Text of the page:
The Sabres managing partner's comments could also have been interpreted as a message to Chris Drury and Daniel Briere, the team's co-captains and biggest off-season question marks - both eligible to become the NHL's most coveted free agents July 1.
"The last buck wasn't what they were looking for," Quinn said, referring to Ruff and Regier. As for someone looking for that last buck, Quinn said "as good as he might be, you probably don't want him."
Quinn added: "We're looking for people who believe in being a Buffalo Sabre."
It's two down, two big names to go for Buffalo after it retained the architects of a team coming off consecutive 50-win seasons and reaching the Eastern Conference final both times.
Ruff, the Sabres' winningest coach, signed a three-year deal that includes an option for a fourth year, while Regier signed a two-year deal. The two will continue a partnership in Buffalo that began in 1997, currently the longest coach-general manager tandem in the NHL.
Quinn said the deals were agreed to in principle before the start of the playoffs. Without providing financial terms, he credited both for signing contracts "substantially below what they would receive anywhere else in the National Hockey League."
The big question is whether the Sabres will get similar rebates from Drury and Briere, each projected to command a minimum US$6 million salary should they hit the market.
Quinn allayed fears by announcing the team is budgeting an increase in payroll. Last season, Buffalo spent up to the NHL's $44 million salary cap, which is projected to rise by about $5 million next year.
What's not clear is how far the Sabres are willing to go to re-sign one or both players.
Drury, who set career highs with 37 goals and 69 points, made $3.15 million last season. Briere, who led Buffalo in scoring in the regular season with 95 points and playoffs with 15 points, is coming off a $5-million, one-year deal he earned in arbitration.
Regier said he's had preliminary contact with representatives for both players, but wasn't making any promises.
"There's a lot of things at play," he said. "We'll get into that and see where it goes."
Regier added that the Sabres probably won't have any chance of re-signing either player if negotiations go past the start of free agency.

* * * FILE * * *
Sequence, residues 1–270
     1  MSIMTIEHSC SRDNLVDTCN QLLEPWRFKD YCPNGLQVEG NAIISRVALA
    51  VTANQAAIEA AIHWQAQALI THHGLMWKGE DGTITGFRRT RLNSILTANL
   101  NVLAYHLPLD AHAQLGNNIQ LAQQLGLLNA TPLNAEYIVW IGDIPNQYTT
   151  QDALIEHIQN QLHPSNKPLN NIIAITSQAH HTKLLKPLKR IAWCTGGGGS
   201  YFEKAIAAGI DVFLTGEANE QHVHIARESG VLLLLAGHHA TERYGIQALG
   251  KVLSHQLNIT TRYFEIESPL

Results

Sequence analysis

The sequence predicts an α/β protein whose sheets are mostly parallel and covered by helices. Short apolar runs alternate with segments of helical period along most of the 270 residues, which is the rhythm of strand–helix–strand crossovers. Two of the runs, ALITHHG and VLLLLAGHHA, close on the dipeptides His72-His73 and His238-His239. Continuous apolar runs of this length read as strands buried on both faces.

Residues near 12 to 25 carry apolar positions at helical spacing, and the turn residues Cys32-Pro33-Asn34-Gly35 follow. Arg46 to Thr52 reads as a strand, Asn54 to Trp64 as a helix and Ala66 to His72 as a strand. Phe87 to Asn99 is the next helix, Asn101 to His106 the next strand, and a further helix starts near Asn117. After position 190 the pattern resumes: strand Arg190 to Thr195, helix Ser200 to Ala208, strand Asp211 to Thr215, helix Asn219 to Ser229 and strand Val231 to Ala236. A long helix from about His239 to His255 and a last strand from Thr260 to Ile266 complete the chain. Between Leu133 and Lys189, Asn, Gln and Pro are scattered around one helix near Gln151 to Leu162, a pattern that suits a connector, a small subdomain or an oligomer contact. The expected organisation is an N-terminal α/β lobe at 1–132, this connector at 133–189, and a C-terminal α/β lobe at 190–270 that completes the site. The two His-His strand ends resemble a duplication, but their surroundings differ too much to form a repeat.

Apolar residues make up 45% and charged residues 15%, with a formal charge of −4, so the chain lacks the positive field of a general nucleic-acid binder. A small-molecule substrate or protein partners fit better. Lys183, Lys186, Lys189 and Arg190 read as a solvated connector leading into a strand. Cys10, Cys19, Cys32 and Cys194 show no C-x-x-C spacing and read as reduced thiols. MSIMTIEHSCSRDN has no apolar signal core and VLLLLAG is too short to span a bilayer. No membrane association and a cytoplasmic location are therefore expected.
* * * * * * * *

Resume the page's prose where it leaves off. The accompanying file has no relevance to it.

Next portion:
Ruff and Regier never entertained thoughts about leaving Buffalo.
"I've got one goal and that's to win a Cup, and I feel my best chance is here," Ruff said. "There wasn't a question of leaving at all because we've worked hard at this. We've put a lot of work to getting it to where it's at. ... It would be foolish to step away from it now."
Ruff was still unhappy over how the season ended, when the top-seeded Sabres were eliminated by Ottawa in Game 5 of the East final last month.
"That leaves a scar," Ruff said. "We felt we had a lot of good things in place. To lose, and to lose at home was even tougher. It was a tough way to end."
Ruff is 358-289-71 over nine seasons. He was the NHL's coach of the year last season and was a runner-up this year to Vancouver's Alain Vigneault after Buffalo won a league-leading - and franchise-record - 53 games.
Regier was eager to get to work.
"I think where we left off this past season and what we have to look forward to is both exciting and incomplete," he said. "So it's an opportunity to continue down that road."
Regier is credited with leading the franchise through its lowest point when the Sabres were without an owner and forced to declare bankruptcy in 2003. He's also credited with having the foresight to build a fast and offensively talented group that's been the model of success since the NHL returned from its lockout in the summer of 2005.
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